As we recite the confession of sin, the vidui, we think on the mistakes that we made in the past year. We think of the people we wronged, the relationships that need to be righted. But that is only the first necessary step. The second step is to do the t'shuvah that causes us to turn to the best parts of ourselves - improving, maturing, growing. As we take an intense account of our past year, we do so in order to authentically begin this year that starts right now; tonight. As Shakespeare told us, The past is prologue. But our focus on the past, on zichronot, is not nostalgia.
And that brings me to the semicolon.
Yes, that's correct. I'm going to talk about the semicolon, that pesky punctuation mark that semantically sits between the comma and the period.
Last year, I spoke about the dark side of the subjunctive, so I figured that I might continue along our path of grammatical exploration.
So let's talk about the semicolon.
A few months ago, I was going through my Facebook feed, and came upon an article about Project Semicolon. Intrigued, I explored further.
In the last several years, it has become popular for some men and women to place a tattoo of a semi-colon on their bodies, usually upon the hand or forearm. It is meant to be an inspirational symbol against suicide and self-harm. Taken from the Project Semicolon Web site, A semicolon is used when an author could've chosen to end their sentence, but chose not to. The author is you and the sentence is your life.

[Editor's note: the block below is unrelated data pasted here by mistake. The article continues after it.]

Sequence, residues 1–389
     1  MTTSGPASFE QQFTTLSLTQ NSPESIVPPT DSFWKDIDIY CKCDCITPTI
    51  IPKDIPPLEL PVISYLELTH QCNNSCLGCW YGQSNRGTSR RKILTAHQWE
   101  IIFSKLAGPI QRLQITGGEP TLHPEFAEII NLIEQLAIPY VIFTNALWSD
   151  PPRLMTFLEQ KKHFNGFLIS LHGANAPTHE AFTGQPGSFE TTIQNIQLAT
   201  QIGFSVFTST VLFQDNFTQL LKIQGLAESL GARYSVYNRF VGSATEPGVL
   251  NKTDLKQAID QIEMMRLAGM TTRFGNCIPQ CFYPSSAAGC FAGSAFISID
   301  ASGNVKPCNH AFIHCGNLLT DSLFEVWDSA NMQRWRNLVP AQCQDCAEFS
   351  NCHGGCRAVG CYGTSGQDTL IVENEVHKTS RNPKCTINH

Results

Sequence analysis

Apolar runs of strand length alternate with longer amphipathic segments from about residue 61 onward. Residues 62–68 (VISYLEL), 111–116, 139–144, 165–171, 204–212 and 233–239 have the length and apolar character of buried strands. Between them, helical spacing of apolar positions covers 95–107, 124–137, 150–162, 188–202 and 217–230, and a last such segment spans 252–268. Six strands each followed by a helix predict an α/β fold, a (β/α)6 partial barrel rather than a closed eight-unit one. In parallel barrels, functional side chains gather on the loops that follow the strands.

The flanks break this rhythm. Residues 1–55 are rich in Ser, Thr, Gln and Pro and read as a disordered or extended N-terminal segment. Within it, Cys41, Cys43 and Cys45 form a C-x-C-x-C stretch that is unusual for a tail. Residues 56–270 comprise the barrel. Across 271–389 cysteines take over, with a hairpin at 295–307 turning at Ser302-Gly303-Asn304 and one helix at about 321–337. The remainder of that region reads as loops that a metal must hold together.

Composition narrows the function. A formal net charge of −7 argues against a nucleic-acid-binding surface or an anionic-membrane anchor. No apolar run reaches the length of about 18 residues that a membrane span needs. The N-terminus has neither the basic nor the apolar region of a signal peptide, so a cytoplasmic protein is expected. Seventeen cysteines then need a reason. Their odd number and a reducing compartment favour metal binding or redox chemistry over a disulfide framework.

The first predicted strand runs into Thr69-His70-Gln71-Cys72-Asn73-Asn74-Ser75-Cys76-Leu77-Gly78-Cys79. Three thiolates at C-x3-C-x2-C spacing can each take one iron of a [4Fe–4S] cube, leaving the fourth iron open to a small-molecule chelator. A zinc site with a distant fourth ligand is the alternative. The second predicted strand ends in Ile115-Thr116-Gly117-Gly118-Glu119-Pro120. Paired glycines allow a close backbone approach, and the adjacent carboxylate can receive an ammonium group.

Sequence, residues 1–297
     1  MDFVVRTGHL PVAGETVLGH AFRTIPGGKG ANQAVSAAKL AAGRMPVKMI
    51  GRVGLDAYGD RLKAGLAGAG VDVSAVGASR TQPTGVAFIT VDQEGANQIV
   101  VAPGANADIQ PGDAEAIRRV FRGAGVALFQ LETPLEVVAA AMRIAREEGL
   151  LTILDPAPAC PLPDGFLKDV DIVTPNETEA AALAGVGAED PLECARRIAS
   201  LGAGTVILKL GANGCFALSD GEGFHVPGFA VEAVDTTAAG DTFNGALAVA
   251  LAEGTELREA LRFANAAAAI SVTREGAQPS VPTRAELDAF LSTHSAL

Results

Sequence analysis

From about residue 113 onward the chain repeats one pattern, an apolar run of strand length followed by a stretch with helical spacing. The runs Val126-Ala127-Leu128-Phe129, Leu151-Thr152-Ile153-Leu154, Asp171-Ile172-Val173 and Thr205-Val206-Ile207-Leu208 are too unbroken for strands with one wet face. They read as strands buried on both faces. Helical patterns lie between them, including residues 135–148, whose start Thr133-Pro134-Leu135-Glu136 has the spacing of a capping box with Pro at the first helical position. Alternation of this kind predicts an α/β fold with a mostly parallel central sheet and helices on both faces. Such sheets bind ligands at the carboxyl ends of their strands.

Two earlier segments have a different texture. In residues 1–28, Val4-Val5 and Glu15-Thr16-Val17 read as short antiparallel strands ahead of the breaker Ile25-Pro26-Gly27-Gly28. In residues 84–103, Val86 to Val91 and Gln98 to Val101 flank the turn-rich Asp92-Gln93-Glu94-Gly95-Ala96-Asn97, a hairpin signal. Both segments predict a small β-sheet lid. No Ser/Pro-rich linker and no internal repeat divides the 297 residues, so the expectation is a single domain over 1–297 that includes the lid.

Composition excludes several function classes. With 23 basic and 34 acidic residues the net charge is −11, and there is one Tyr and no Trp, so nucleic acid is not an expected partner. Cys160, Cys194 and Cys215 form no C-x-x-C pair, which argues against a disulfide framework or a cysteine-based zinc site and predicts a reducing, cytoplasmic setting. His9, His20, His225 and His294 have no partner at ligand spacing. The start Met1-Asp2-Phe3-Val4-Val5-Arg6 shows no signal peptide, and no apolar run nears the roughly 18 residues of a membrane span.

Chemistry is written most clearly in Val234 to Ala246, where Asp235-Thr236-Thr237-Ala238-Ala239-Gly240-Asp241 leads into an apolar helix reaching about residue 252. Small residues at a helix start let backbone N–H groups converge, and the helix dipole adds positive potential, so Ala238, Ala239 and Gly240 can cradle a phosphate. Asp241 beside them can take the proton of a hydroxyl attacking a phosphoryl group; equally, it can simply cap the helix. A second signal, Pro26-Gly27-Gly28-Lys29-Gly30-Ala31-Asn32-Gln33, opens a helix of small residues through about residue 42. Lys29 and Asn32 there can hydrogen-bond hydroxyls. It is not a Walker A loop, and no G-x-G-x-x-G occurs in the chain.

I read this and instantly thought to myself, This is so Jewish! Whereas this is a fantastic message to fight against depression, this is also a perfect message for us to hear as we start our new sentence; this new year.
The author is you and the sentence is your life. Do not end the sentence. As Deuteronomy commands us, Choose life.
Our prayers on Rosh Hashanah remind us that even as we look back on our lives, there is more to do - more words to be written. This also helps to answer why it is that Jews always say goodbye but never leave - there is always more to say!